How is your experience with the Spyderco Sharpmaker?
The Sharpmaker is great for maintaining edges, but the grits are too fine for sharpening a really dull knife in a reasonable amount of time, or for changing edge angles. I tried the diamond rods and wasn't very impressed, ended up getting an Edge Pro. Years later, for serious edge re-work, I use the Edge Pro or my stationary belt sander, but the final edge is always on my Sharpmaker. When I've already used on of the "fast material removal" sharpeners, the Sharpmaker is all that gets used.
The sharpmaker is great. You can get other stones from Congress Tools that make reprofiles a breeze. You can get hair whittling edges on the sharpmaker it just takes practice. With a strop you can get them super sharp after using the stones.
Just because you can't see the difference doesn't mean it isn't there; it just means you can't see it.
Every cutlery alloy is good for something. No cutlery alloy is good for everything.
Order of Kai #0566
Best advice I have is to listen to the sound the knife is making running down the stones. If it sounds slick, you're in. If it is grinding and skipping, you are making the knife dull.
Took me about 5 tries to get the technique down, now it's easy
Here's my technique with the sharp maker. I still use it to this day, and many hundreds of people have told me that my method works excellent for them.
If you overextend the angle, the edge is then rubbing across the stone more perpendicular.If you are using proper technique you should NEVER be actively making the knife dull. At worst you would be "non-sharpening," but you should never actually be dulling the edge...
Good to hear. I love the sharpmaker, fits most of my needs, even in the field sometimes.Thanks for the tip! I just tried your listening technique on a quick touch up and it worked like a charm! This is some of the best advice I've read about the sharpmaker so far.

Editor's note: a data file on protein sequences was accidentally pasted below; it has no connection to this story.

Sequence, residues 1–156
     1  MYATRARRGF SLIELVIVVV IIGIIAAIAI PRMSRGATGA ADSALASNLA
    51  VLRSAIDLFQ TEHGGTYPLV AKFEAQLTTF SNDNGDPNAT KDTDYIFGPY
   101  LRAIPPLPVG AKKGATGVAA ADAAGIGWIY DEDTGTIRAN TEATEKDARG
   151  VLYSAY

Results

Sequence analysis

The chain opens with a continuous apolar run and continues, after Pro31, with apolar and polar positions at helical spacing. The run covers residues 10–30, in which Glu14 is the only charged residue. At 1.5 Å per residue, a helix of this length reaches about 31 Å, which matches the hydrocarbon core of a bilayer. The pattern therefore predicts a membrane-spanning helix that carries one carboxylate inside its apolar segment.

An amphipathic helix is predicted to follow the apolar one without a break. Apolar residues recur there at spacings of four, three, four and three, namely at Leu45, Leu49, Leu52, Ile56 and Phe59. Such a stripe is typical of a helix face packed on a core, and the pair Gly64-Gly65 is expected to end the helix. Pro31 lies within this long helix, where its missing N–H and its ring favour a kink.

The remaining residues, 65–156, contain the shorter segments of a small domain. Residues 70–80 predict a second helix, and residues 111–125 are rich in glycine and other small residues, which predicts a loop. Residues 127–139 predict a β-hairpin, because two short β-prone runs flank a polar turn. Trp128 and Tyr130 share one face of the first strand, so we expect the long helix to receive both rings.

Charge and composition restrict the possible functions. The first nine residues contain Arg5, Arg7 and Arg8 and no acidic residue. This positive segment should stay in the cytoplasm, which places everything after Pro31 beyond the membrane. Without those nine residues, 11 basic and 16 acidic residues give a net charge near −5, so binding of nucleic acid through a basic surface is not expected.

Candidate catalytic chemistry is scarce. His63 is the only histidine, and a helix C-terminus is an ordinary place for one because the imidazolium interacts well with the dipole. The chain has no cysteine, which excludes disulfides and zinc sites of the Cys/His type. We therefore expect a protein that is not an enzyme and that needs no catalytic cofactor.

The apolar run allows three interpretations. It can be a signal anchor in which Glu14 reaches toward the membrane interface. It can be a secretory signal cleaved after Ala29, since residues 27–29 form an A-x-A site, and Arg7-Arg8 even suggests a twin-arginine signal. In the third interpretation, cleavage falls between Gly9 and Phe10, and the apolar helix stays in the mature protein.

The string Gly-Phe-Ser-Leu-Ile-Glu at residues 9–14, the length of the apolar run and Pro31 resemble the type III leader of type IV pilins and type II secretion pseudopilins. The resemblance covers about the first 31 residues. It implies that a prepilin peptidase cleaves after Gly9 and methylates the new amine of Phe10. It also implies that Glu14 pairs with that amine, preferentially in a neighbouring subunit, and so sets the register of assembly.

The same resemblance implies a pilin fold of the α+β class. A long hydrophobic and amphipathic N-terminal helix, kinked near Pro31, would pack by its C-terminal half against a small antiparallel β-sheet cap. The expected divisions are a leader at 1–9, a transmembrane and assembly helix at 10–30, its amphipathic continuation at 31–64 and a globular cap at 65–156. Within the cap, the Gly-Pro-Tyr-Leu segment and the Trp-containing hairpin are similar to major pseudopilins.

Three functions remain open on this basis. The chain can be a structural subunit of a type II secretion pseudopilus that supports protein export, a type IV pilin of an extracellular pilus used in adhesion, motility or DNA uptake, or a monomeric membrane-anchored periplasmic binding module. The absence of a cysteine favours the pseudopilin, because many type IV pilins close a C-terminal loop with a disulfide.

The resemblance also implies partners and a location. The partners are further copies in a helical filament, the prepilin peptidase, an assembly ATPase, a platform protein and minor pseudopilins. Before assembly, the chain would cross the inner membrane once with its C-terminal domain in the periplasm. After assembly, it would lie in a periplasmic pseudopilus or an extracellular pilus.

I love my sharpmaker it's a great system for maintaining a sharp edge. Perhaps they should call it the sharpkeeper. It might be my inexperience in sharpening, but I can never seem to get my edges as sharp as I would like even after a stropping. I'm thinking of either getting some stropping compound or getting the ultra fine rods in the near future to see if that will give me the scary sharp edge that I'm looking for.
Question is how to know you're doing it correctly, which is what I was referring to. There is a way to know if you're in or not.Exactly, that's not using the system properly.I was trying to discuss how you could dull edge with improper technique. . Maybe I was unclear. Thanks.but you should never actually be dulling the edge...
Welcome to the Spyderco forum. Hope you enjoy the tool.
The sharpmaker was my only sharpener for about three years. I used it and a leather strop and got some damn good edges. I mostly use an Edge Pro now but still use the Sharpmaker sometimes when I want a quick, sharp edge. Fantastic tool from Spyderco
I'm surprised nobody has mentioned it yet, but there are a few others things you should get to go along with your Sharpmaker. Get a set of the ultra fine rods, a nice strop, and some sandpaper. You will then have a complete system that can tackle almost any sharpening job.
Actually the Sharpmaker can be utilized to reprofile an edge by just wrapping 150-220 grit sandpaper around the stones. It's much much cheaper than buying the diamond stones, which a lot of people don't care for anyways. I reprofiled my Paramilitary 2 with a back bevel of 30 degrees and micro bevel of 40 degrees. It went very quickly using 220 grit sandpaper. Here are a couple vids that describe the technique.
I have bought a Sharpmaker recently but, have yet to try it out. Thanks to the OP and all of you who posted all of this great info.
I realized that my post might have seemed damning of the Sharpmaker, so I want to amend that a bit. The SM is a great sharpener, as long as it works with the bevels your knife already has. The only failing I find with it is if you need to perform more rapid material removal. I do some sharpening for pay on the side, and for anyone who asks about doing it themselves, I push them towards the Sharpmaker. I've also given several as gifts, and the recipients love them.
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